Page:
Beverly Haviland (Ph.D., Princeton University, 1982, Comparative Literature) is Visiting Associate Professor and Senior Lecturer in American Studies. She works in American literature and film, cultural history, trauma studies, feminist theory, and psychoanalytic theory.
Beverly Haviland is the author of Henry James's Last Romance: Making Sense of the Past and the American Scene and essays on various literary and cultural topics, including two that have won prizes as the best orticle of the year in the journals in which they were published: one treats Bret Easton Ellis as a novelist of manners and the other is on the accusation of plagiarism that ended Nella Larsen's brilliant and brief career. Her current research is on the representation of childhood sexual abuse in literature.
Prof. Haviland is also preparing the critical edition of Henry James's unfinished novel, The Sense of the Past, which will be one volume of thirty-four in the Complete Fiction of Henry James being published by Cambridge University Press.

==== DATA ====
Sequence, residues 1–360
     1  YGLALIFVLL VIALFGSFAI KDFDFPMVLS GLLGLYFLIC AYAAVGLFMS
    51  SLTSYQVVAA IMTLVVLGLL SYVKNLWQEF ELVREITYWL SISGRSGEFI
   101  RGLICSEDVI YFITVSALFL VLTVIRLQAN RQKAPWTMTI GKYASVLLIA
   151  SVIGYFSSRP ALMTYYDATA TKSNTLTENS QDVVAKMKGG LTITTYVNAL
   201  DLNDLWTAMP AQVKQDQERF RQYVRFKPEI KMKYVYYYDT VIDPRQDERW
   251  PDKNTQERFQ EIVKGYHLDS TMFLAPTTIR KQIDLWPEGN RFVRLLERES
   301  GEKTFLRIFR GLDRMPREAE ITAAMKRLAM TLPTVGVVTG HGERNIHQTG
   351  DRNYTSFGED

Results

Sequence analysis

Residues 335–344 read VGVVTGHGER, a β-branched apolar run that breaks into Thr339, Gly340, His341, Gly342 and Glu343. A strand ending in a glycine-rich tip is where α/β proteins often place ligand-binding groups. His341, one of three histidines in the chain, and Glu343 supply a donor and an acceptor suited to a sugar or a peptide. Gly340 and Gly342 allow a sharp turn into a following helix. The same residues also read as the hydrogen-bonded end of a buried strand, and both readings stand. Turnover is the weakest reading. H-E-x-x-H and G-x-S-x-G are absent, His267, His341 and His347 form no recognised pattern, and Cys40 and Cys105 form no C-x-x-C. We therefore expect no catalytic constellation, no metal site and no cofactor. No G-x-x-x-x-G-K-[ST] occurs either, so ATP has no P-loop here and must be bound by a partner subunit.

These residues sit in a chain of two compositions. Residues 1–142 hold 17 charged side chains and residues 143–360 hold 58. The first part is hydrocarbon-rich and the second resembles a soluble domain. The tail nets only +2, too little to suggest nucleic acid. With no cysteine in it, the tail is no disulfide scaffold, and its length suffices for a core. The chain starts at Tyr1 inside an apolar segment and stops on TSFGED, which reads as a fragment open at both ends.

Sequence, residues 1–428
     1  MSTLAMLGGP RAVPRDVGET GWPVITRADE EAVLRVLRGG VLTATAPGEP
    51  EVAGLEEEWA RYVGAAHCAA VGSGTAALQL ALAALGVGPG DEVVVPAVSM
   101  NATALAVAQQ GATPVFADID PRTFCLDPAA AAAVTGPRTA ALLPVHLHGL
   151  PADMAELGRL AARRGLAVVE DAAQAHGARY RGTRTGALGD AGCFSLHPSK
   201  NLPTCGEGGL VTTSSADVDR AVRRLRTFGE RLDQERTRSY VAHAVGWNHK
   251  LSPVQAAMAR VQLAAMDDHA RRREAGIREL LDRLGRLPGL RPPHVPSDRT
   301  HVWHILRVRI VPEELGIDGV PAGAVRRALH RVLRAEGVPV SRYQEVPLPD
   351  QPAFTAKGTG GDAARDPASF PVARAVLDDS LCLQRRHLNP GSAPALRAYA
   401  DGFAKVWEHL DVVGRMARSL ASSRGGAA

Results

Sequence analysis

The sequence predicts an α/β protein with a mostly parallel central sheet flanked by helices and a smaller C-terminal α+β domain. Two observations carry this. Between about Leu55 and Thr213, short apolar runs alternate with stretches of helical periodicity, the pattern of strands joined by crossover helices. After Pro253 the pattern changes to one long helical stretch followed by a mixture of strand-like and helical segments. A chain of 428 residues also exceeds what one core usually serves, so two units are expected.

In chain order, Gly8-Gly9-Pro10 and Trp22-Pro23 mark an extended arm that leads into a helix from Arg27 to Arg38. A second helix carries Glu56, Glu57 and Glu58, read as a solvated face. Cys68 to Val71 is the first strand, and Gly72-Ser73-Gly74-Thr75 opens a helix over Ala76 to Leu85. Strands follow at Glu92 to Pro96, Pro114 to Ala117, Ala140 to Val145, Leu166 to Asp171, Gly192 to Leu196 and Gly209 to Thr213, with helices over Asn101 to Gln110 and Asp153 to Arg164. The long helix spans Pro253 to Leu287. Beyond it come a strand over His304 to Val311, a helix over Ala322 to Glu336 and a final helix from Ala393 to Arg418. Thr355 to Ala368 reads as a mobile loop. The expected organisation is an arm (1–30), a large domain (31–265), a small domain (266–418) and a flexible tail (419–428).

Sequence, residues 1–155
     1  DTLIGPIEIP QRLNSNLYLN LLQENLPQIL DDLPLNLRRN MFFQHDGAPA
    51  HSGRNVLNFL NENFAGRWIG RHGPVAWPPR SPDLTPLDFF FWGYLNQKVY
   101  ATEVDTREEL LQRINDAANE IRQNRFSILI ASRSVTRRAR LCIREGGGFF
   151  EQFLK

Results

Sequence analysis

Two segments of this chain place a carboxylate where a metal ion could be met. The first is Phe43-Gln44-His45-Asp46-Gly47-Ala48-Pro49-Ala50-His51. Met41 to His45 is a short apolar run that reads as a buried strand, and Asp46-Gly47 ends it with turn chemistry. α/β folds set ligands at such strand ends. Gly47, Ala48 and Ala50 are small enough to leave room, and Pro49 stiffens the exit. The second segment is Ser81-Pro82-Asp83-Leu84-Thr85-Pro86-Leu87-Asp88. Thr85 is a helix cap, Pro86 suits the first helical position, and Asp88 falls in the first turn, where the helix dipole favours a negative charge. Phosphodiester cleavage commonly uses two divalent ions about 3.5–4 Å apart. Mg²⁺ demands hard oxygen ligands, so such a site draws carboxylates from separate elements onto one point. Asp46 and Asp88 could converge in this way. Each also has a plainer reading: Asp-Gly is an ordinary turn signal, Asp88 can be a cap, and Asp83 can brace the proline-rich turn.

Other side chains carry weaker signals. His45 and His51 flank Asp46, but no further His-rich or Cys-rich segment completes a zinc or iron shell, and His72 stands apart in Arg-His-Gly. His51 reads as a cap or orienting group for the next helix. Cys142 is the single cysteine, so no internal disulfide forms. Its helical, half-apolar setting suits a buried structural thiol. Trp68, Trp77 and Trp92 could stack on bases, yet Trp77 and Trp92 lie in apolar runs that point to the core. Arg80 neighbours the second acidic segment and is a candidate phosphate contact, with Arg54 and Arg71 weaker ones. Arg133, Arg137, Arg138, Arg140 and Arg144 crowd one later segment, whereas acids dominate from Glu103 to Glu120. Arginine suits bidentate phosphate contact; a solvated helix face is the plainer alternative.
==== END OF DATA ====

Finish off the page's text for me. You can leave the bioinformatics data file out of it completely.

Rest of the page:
In 2003-2004 Haviland was a Faculty Fellow at the Pembroke Center for Teaching and Research on Women in a seminar whose topic was "Shame."
In the fall of 2015, she was invited by the Massachusetts Institute for Psychoanalysis to offer a seminar on "Trauma and Shame: Literature and Psychoanalysis" to clinicians and literary scholars.
Before coming to Brown, she was an Associate Professor in the Department of Comparative Studies at SUNY Stony Brook and an Associate Professor in the Department of English at Vassar College.